This game is like a Paul Verhoeven movie (though less overt in its satire)-- It uses the blockbuster medium to criticize its own tropes.

    1. I completely agree. Thanks for the compliments (and since I'm Dutch I always appreciate a shout-out to Paul Verhoeven)!

  3. I like this piece but I'm going to cherry-pick this part:

    "Joel, in the end, represents the utter failure of a man to change with the times and abandon his traditional role of master and protector."

    Not really. SPOILERS Joel's other option was to prioritize the human race over his selfish needs; he didn't. He would be trading his micro-protector role for something of a macro-protector. He didn't. No matter what choice he picked, he would likely have still gone to live his life the way it had to be lived in the circumstances, by killing to survive. It's flat-out naive to think people like that aren't needed on your side in a brutal future like TLOU.

    1. Sure, but what I meant was that the game itself codes that kind of "survival-at-all-costs" behaviour as a problematic thing by the end. The game openly questions whether Joel's actions were at all necessary by contrasting him with his brother, who turned away from the life of a hunter and tries to rebuild some sort of civilised community (led, notably, by a woman - just like the Fireflies). There's a great article at the New Statesman that explains this part of it quite well:

  4. I do not much agree with this analysis. It’s one thing to laud a videogame for portraying women in a non-sexualised manner, it’s another thing to read all these gender politics in a game like The Last of Us. I also see no justification in criticising this game for having a white male at the centre. His being white flows naturally from the fact that this story is rooted and set in the Western World, which (still) has a predominantly white population and gaming community. His being male is offset by the other main character being female.

    Now, Joel alone does not equal the male presence in this story. You contrast him with two prominent adult women in the game, but you are ignoring other prominent adult men in the game, who are entirely capable, pragmatic and goal-oriented, namely Tommy, Bill and Henry. But more importantly, Joel is no less capable than any adult female character. On the contrary, he’s adept at killing and manages to survive while they do not. Joel may be broken, but so is Marlene in her own way, as she eventually caves to the wishes of her subordinates. Tess and Marlene must have lost family too, indeed, but we have no indication theirs was as crushing as his (i.e. failing to protect one’s child and having it dying in one’s arms). Up until Tess’s death, Joel is not at all driven by emotion; he simply doesn’t care. It is rather Tess who appeals to emotion by reminding him they’re shitty people. Had Tess instead of Joel survived, who’s to say she wouldn’t develop a strong mother instinct and so be emotionally driven?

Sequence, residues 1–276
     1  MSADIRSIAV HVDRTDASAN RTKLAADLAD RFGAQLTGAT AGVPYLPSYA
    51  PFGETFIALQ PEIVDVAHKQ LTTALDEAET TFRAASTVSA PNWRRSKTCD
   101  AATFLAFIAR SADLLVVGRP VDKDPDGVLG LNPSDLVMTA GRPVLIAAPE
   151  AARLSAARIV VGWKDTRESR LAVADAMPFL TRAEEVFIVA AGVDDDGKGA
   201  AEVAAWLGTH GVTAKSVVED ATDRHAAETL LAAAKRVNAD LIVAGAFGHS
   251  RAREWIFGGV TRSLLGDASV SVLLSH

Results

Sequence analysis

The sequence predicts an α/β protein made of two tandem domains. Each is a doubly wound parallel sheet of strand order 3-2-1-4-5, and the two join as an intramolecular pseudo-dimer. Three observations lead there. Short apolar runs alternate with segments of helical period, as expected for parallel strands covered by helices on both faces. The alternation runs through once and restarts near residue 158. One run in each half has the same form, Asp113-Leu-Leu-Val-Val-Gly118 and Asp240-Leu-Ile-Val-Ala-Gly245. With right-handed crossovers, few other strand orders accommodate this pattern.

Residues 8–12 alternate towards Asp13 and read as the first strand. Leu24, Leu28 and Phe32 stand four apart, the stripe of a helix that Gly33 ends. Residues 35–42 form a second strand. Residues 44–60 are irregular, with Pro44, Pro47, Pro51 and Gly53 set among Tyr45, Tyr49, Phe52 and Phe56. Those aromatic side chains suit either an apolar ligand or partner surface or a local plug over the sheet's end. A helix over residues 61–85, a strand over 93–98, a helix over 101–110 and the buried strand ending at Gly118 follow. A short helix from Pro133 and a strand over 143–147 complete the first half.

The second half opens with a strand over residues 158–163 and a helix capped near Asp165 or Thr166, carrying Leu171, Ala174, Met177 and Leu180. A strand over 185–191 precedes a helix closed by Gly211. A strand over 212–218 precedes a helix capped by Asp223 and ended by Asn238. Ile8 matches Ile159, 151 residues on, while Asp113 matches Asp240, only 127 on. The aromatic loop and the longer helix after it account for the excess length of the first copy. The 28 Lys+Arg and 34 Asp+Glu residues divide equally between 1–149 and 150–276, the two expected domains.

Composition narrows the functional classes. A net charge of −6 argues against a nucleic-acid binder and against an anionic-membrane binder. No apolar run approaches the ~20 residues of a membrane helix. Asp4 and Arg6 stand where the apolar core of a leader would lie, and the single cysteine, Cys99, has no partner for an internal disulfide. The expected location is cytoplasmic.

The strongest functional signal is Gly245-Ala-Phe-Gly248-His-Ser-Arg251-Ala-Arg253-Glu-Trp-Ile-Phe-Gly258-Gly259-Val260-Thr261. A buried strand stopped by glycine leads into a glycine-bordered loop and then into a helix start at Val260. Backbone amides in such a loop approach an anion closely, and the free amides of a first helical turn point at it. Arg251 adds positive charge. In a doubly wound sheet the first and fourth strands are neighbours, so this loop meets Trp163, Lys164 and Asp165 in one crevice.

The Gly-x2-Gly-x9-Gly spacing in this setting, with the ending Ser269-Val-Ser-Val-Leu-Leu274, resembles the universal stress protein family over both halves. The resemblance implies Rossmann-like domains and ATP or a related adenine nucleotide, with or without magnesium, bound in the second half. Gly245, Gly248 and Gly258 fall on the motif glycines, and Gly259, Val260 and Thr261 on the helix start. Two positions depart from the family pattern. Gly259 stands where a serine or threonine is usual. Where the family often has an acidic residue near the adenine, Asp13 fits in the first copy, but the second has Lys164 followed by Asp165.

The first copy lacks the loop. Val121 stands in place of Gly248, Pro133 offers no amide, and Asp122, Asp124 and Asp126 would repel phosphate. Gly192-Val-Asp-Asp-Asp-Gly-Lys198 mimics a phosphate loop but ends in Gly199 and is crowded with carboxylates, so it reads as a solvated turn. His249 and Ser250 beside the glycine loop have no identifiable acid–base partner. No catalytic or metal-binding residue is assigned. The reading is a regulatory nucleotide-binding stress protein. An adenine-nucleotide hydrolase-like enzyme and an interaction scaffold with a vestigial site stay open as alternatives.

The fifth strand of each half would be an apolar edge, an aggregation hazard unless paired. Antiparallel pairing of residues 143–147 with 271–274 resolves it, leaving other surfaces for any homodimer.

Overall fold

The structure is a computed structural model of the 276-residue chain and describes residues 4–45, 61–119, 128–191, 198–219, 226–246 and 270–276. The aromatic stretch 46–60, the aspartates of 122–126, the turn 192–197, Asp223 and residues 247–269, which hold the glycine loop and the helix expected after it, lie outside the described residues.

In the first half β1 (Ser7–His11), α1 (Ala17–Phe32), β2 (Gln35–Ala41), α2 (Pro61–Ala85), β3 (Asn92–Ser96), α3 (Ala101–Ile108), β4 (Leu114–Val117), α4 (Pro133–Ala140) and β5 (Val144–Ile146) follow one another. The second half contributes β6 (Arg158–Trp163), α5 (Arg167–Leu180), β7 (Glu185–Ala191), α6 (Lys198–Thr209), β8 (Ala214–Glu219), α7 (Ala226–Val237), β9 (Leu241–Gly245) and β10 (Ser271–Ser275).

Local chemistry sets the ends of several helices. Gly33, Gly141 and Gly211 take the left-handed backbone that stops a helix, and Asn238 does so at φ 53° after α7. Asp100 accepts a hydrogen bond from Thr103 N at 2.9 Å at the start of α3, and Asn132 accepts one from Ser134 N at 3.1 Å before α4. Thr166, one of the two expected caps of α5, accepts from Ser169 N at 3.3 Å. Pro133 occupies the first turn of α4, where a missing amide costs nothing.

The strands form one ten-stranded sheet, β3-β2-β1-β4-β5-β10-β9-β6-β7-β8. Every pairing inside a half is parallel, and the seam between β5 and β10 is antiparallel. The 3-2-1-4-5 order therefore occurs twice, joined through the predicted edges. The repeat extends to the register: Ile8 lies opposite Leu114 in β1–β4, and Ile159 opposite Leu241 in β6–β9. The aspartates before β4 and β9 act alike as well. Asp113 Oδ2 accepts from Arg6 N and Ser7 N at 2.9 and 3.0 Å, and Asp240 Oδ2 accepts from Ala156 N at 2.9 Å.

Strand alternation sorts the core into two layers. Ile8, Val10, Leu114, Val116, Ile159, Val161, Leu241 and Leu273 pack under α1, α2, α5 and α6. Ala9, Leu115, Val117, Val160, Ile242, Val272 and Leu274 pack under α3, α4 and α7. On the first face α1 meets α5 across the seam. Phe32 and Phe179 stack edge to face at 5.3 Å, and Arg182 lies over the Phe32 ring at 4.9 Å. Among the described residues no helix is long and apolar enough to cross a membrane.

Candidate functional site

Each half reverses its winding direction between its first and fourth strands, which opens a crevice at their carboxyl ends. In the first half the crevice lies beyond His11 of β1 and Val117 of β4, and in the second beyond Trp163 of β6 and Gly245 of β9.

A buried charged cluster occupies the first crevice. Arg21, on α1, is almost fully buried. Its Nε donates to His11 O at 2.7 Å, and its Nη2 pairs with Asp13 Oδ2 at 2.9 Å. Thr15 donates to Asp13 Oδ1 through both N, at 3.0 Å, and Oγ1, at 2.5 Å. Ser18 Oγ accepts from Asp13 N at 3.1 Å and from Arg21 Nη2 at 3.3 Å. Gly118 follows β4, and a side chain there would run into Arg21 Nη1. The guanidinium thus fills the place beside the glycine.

Marlene is no surrogate mother; she refers to Ellie as “the fucking kid” in one of her recordings and after caving to her subordinates’ wishes decides to hastily sacrifice her without informing her, let alone asking for her consent, whilst telling Joel he will be shot if he so much as tries to talk to Ellie. Joel’s subsequent actions are not that of an “emotionally dependent”, broken or selfish man, but of a strong-minded father who is protective of his child. Killing Marlene, the brain surgeon and other Fireflies is not an act of “monstrous behaviour”, but the surest way of neutralising all those determined to murder his (adopted) daughter for the off chance a vaccin might be created and distributed.

    Only áfter this whole ordeal does Ellie divulge to Joel her survivor guilt and her general(!) readiness for death. Before that, all Joel knew was that Ellie and he were making plans for their time together after meeting with the Fireflies. Had Ellie told him about her sentiments befóre their meeting with the Fireflies, Joel might have reacted very differently.

  5. Continued:

    Ellie of course is terribly conflicted: she knows the meeting with the Fireflies must’ve gone horribly wrong (why else would she have woken up in a moving car wearing a hospital dress?), while she may have been ready to sacrifice herself, but at the same time: she knows Joel cares about her and vice versa. By letting him swear (falsely) that his account is true, she lets him shoulder the terrible burden of not doing everything in their power to “save” mankind. And he knows it. The fact that Ellie goes along with Joel and his lie instead of truly confronting him and seeking out the Fireflies again, shows that she is ultimately at peace with his decision and happy enough to live with him. Mankind is in dire straits, with or without a vaccin, but the two of them, tied to communities like Tommy’s, have a chance of making it. Note that the developers have stated that whether or not there will be a sequel, and whether or not it will feature Joel and Ellie, they consider this particular story about the vaccin and the Fireflies as finished. Ellie has clearly chosen Joel.

    Make no mistake, despite questionable acts Joel is more of a hero than the lead characters of countless generic action games. Similarly, despite questionable acts Ellie is a heroine. The Last of Us is better and more mature than most other games, not because it is “a critique on the ultimate destructiveness of the “male protector” trope and the way that most games conflate heroism with violence,” but because it is simply a well told, moving story about the bond between an older man and a girl trying to survive in desperate times.

    1. Thanks for the exhaustive counter-analysis. Those are certainly all valid readings as well, and what I especially admire about the game is the fact that it allows for such wildly different interpretations, making it a rich source for critical analysis. On NeoGaf and in spoilercasts, the discussion about Joel's actions was prevalent too, and I think our individual reaction to it has a lot to do with our personal set of values and beliefs.